New York Governor Andrew Cuomo announced on Sunday 10 January that he plans to build an extension to the High Line – a disused railway track that was turned into a park in a collaboration between American design studio Diller Scofidio + Renfro,
James Corner Field Operations and Piet Oudolf.
High Line will connect to train station
An L-shaped walkway will be built to connect the High Line from near the Hudson Yards development to the new Moynihan Train Hall, designed as part of the expansion to Penn Station by SOM that opened last week.
Once complete, the walkway would allow pedestrians to connect straight from the parkway to the station concourse without having to cross busy roads.
A second extension to the High Line could also be built around the corner past the Javits Convention Center, to bring the pedestrian bridge down to meet Pier 76.
Walkway could connect to waterfront park
Pier 76 is currently a tow pound, where the New York Police Department keeps vehicles it confiscates for being parked illegally.
Governor Cuomo has plans to shut it down and turn the area into a waterfront park on the Hudson River.
"This will be the most ambitious redevelopment that New York City has seen in decades," Governor Cuomo said.
"When the private sector economy lags, state governments build infrastructure and spur development," he added. "This connection is part of a district-wide redevelopment of the West Side that will jumpstart the private market in a post-Covid world."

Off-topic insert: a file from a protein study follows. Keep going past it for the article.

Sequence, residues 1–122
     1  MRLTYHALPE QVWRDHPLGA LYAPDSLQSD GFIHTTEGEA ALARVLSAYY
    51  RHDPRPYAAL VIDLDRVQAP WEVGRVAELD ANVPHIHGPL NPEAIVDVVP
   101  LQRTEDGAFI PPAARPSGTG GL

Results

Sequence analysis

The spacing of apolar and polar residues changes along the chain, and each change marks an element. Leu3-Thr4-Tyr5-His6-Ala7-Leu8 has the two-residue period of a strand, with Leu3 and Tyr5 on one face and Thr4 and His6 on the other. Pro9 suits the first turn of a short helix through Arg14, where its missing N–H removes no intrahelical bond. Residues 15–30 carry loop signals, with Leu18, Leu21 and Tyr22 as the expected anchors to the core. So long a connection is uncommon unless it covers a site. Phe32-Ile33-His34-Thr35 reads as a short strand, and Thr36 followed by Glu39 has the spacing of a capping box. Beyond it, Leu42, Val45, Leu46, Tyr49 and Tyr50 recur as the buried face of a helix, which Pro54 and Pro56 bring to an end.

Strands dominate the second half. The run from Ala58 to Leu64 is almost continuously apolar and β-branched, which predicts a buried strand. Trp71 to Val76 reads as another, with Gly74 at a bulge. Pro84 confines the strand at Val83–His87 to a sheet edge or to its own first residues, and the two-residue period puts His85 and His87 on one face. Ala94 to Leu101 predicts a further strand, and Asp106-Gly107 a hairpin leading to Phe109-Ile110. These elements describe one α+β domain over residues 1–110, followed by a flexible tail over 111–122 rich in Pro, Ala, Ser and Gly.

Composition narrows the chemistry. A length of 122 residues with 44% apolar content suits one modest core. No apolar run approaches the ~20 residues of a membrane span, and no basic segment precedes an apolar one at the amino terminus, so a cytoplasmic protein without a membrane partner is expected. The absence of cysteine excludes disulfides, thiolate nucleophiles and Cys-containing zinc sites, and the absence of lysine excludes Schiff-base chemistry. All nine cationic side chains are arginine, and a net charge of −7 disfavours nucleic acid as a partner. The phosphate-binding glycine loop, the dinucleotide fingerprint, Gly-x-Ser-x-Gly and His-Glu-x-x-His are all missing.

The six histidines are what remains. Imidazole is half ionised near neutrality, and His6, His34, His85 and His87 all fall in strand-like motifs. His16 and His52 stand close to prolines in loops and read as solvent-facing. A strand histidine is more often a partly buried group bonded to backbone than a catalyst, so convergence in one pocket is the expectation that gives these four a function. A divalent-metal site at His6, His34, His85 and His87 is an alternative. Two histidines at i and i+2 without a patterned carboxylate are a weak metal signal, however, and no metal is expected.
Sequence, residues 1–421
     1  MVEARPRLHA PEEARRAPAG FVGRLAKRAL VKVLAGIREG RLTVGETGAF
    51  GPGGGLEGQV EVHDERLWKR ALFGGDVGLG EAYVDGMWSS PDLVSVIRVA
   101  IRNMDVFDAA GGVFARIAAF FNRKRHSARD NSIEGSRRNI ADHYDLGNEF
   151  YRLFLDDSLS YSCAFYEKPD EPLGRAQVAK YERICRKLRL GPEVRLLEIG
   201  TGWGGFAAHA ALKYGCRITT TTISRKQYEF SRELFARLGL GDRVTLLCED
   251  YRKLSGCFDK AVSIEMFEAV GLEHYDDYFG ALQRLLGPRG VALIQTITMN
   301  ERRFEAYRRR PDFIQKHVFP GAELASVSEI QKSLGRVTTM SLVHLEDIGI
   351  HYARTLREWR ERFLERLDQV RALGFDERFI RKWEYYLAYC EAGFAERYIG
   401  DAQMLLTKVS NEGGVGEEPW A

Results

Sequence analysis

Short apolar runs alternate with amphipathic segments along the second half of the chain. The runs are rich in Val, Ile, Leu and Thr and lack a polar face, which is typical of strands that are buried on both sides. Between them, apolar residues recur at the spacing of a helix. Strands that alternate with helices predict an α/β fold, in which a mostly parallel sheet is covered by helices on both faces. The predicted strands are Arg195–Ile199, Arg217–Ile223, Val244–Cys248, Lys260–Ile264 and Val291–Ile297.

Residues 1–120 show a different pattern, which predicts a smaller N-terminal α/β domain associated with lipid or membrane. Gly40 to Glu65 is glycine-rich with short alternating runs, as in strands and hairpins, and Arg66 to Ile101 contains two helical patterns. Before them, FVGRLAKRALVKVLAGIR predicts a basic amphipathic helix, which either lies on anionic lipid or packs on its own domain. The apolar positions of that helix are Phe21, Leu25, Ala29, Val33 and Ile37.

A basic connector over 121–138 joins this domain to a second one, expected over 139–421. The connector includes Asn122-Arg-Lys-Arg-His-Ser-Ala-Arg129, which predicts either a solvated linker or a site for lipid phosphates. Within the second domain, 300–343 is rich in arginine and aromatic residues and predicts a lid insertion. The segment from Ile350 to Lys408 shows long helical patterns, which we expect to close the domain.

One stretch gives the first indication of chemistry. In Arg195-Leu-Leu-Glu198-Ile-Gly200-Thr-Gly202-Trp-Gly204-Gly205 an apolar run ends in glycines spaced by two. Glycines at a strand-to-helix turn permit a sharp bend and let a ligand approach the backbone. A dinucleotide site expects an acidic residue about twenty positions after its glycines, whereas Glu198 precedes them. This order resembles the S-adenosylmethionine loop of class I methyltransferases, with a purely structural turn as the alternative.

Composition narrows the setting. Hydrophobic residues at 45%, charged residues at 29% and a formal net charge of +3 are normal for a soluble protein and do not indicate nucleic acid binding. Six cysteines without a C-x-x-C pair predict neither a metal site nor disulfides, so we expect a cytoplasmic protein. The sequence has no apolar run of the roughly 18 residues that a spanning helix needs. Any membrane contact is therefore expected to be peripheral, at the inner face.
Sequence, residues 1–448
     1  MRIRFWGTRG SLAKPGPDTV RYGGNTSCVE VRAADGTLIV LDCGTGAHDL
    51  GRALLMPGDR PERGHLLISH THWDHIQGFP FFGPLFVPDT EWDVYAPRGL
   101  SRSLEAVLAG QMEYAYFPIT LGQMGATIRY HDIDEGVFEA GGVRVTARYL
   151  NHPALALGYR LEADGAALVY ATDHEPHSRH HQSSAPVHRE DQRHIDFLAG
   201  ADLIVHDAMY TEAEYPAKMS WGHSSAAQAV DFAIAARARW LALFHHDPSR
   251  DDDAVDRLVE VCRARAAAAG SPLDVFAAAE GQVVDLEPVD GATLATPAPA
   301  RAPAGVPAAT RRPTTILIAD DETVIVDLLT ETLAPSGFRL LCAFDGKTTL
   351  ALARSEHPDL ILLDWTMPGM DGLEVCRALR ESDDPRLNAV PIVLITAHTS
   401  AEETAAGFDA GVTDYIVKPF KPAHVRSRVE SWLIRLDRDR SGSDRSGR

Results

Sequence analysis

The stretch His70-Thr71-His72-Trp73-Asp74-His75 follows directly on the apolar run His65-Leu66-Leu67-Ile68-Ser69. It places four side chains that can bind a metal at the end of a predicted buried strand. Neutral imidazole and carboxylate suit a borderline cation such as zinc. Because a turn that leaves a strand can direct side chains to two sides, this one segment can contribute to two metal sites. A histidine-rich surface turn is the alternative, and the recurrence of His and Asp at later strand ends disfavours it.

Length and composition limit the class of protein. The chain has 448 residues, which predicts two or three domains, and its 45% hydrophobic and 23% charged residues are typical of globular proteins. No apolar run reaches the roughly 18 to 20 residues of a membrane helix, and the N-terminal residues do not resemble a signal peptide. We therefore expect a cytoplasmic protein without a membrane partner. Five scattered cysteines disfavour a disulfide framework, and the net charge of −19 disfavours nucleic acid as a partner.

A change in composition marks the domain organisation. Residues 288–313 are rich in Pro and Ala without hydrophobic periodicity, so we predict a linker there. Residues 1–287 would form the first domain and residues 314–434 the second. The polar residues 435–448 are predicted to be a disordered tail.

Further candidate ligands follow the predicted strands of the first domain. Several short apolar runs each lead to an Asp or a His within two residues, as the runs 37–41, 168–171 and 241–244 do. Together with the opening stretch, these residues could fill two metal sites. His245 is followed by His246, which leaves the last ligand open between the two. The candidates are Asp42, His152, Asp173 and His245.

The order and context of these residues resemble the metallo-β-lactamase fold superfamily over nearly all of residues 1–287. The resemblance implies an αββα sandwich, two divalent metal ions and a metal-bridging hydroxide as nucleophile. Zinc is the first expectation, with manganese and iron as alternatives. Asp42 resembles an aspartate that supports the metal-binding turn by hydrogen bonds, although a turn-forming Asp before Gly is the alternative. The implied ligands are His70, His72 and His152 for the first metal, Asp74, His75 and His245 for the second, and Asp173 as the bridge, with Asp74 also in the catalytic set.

Extension part of redevelopment plans
The development in the area is funded by a mixture of private and public entities, including real estate firm Brookfield Property Group. The extension to the High Line will be part of Brookfield's Manhattan West development.
Non-profit group Friends of the Highline oversaw the conversion of the High Line.
The redevelopment of the area next door known as Hudson's Yard includes an 11-storey building full of high-end condos designed by Zaha Hadid Architects, Studio Gang's Solar Carve Tower, and a controversial structure of interlocking stairways designed by Thomas Heatherwick.
The High Line was closed for four months last year due to the coronavirus pandemic, reopening in July 2020 with timed entry tickets and green markers created by graphic designer Paula Scher to encourage social distancing.
Main image of the High Line in 2014 by Iwan Baan.